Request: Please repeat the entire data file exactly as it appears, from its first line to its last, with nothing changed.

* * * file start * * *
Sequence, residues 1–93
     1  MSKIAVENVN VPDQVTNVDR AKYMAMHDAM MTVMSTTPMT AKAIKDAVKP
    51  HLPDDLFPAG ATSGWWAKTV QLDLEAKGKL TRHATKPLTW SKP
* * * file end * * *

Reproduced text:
Sequence, residues 1–93
     1  MSKIAVENVN VPDQVTNVDR AKYMAMHDAM MTVMSTTPMT AKAIKDAVKP
    51  HLPDDLFPAG ATSGWWAKTV QLDLEAKGKL TRHATKPLTW SKP